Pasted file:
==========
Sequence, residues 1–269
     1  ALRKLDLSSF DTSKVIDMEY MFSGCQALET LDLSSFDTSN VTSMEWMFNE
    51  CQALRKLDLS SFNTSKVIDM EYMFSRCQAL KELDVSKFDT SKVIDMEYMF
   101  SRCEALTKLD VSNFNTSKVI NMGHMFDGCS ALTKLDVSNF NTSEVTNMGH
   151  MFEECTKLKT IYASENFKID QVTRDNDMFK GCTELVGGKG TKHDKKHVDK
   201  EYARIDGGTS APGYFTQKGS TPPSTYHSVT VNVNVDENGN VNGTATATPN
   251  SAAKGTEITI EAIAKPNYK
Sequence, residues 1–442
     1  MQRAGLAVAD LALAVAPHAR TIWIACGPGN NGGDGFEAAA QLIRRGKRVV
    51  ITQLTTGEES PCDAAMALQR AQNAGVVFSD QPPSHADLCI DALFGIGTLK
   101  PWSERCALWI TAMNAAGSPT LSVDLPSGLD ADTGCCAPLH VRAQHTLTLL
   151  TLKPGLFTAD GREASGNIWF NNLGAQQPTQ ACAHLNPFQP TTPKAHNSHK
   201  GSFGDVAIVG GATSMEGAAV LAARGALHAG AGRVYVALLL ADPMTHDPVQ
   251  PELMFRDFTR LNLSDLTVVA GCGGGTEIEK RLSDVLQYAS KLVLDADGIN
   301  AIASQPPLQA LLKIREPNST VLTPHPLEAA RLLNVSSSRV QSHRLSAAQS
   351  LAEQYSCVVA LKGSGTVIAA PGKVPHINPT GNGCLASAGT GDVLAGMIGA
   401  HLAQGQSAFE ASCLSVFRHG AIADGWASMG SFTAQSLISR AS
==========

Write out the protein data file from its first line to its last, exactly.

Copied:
Sequence, residues 1–269
     1  ALRKLDLSSF DTSKVIDMEY MFSGCQALET LDLSSFDTSN VTSMEWMFNE
    51  CQALRKLDLS SFNTSKVIDM EYMFSRCQAL KELDVSKFDT SKVIDMEYMF
   101  SRCEALTKLD VSNFNTSKVI NMGHMFDGCS ALTKLDVSNF NTSEVTNMGH
   151  MFEECTKLKT IYASENFKID QVTRDNDMFK GCTELVGGKG TKHDKKHVDK
   201  EYARIDGGTS APGYFTQKGS TPPSTYHSVT VNVNVDENGN VNGTATATPN
   251  SAAKGTEITI EAIAKPNYK
Sequence, residues 1–442
     1  MQRAGLAVAD LALAVAPHAR TIWIACGPGN NGGDGFEAAA QLIRRGKRVV
    51  ITQLTTGEES PCDAAMALQR AQNAGVVFSD QPPSHADLCI DALFGIGTLK
   101  PWSERCALWI TAMNAAGSPT LSVDLPSGLD ADTGCCAPLH VRAQHTLTLL
   151  TLKPGLFTAD GREASGNIWF NNLGAQQPTQ ACAHLNPFQP TTPKAHNSHK
   201  GSFGDVAIVG GATSMEGAAV LAARGALHAG AGRVYVALLL ADPMTHDPVQ
   251  PELMFRDFTR LNLSDLTVVA GCGGGTEIEK RLSDVLQYAS KLVLDADGIN
   301  AIASQPPLQA LLKIREPNST VLTPHPLEAA RLLNVSSSRV QSHRLSAAQS
   351  LAEQYSCVVA LKGSGTVIAA PGKVPHINPT GNGCLASAGT GDVLAGMIGA
   401  HLAQGQSAFE ASCLSVFRHG AIADGWASMG SFTAQSLISR AS